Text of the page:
A key to the opioid crisis may be knowing why some brains are more easily addicted
Today, more Americans die from overdoses than car accidents. Understanding how to treat individuals with opioid addiction will be crucial to stemming the unprecedented number of drug-related deaths.
However, researchers at the USC Dornsife College of Letters, Arts and Sciences say that understanding the psychological mechanisms that make individuals more likely to develop addiction in the first place will be key to reversing the country’s opioid crisis as a whole.
In a report published recently in Psychological Science in the Public Interest, Professor of Psychology Antoine Bechara and other researchers in neuroscience, addiction and behavioral health laid out the latest research into what makes individuals vulnerable to substance abuse and dependency. They also unveiled new discoveries that may hold the key for successful prevention and treatment for those addicted to opioids and other drugs.
“Addiction is a disease of decision-making,” said Bechara. “The majority of people have intact brain mechanisms of decision-making that keep them resilient to succumbing to an addiction. The question is, who is more vulnerable and how do we best determine that?”
Bechara and his colleagues believe advancements in brain science can help identify those vulnerable individuals before they’re exposed to addictive substances, as well as determine how to treat anyone who has become addicted.
One explanation for the underlying tendencies toward addiction may have to do with the brain’s prefrontal cortex. Located at the frontmost part of the brain, the prefrontal cortex is key for self-regulation, long-term goal-setting, impulse control and the ability to predict consequences of behavior.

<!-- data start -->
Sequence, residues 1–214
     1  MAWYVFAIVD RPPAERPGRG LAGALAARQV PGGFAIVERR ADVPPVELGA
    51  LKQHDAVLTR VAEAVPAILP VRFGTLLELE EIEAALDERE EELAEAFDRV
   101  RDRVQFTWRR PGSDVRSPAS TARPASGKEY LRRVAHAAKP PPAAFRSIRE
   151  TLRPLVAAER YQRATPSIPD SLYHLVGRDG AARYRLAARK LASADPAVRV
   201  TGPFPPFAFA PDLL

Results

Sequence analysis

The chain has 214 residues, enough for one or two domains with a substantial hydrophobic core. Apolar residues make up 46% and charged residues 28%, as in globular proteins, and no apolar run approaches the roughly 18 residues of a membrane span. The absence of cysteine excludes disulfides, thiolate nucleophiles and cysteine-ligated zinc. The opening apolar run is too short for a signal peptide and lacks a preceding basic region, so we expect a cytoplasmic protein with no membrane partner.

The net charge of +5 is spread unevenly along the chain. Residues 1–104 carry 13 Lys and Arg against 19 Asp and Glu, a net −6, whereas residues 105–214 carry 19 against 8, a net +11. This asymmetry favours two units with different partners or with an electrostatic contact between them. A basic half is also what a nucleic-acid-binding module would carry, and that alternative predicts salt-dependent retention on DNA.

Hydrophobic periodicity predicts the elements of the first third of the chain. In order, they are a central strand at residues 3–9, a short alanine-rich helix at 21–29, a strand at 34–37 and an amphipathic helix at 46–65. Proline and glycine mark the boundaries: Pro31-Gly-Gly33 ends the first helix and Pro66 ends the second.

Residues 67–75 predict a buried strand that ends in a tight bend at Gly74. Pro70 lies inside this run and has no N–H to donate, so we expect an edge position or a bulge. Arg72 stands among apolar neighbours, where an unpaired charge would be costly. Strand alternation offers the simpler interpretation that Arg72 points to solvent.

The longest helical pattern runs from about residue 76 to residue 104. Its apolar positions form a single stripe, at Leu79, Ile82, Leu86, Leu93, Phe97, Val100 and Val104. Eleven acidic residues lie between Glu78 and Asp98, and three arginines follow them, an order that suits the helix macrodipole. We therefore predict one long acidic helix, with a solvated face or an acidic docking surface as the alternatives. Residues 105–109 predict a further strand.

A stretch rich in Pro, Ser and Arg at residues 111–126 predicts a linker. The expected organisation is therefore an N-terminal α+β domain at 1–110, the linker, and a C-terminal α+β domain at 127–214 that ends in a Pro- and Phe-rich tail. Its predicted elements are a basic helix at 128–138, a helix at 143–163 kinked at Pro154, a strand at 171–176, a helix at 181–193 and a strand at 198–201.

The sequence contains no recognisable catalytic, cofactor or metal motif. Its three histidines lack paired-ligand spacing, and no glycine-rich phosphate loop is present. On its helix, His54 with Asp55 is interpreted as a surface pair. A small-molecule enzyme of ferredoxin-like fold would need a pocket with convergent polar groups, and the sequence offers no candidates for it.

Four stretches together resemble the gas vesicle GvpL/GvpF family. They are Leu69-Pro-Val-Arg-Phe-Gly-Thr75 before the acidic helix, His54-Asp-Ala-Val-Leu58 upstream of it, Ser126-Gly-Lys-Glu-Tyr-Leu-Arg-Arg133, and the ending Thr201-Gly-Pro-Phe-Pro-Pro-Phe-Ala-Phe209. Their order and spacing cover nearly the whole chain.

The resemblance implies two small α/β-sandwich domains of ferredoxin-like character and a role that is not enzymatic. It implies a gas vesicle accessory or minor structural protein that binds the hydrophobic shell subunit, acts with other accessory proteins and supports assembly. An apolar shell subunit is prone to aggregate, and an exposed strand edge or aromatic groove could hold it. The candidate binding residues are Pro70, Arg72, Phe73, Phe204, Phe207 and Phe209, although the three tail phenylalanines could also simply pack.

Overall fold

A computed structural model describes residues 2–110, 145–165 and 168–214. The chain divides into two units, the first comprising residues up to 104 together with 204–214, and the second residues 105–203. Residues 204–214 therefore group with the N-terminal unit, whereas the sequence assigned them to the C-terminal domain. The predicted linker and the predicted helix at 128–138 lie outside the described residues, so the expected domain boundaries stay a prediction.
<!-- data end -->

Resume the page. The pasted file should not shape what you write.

A weak prefrontal cortex — resulting either from genetic factors or from developmental factors such as early head injury — may influence addiction. The prefrontal cortex is very susceptible to even mild traumatic head injuries; early child abuse can also impact the development of the prefrontal cortex.
“There are several factors that create the situation where the prefrontal cortex is suboptimal or weak, and the decision-making capacity doesn’t develop normally,” said Bechara. “These are people who become more susceptible to becoming addicted not just to opioids but other drugs they have access to.”
The authors expressed the need for a clinical test to screen and sort out those who are more likely to misuse and abuse opioid drugs, such as those with prefrontal cortex dysfunction.
For those who are already addicted, the researchers presented studies on behavioral approaches — including training designed to increase working memory capacity — that can boost the functions of the prefrontal cortex.
Other treatment approaches might involve transcranial magnetic stimulation, a noninvasive brain-stimulation technique allowing selective neural stimulation or inhibition. The technique, when used to stimulate the executive decision system of the prefrontal cortex, has been shown to reduce craving or consumption of cocaine, cigarettes and alcohol in prior studies.
The authors acknowledged that more research is needed to better understand those therapies and which will be the most effective.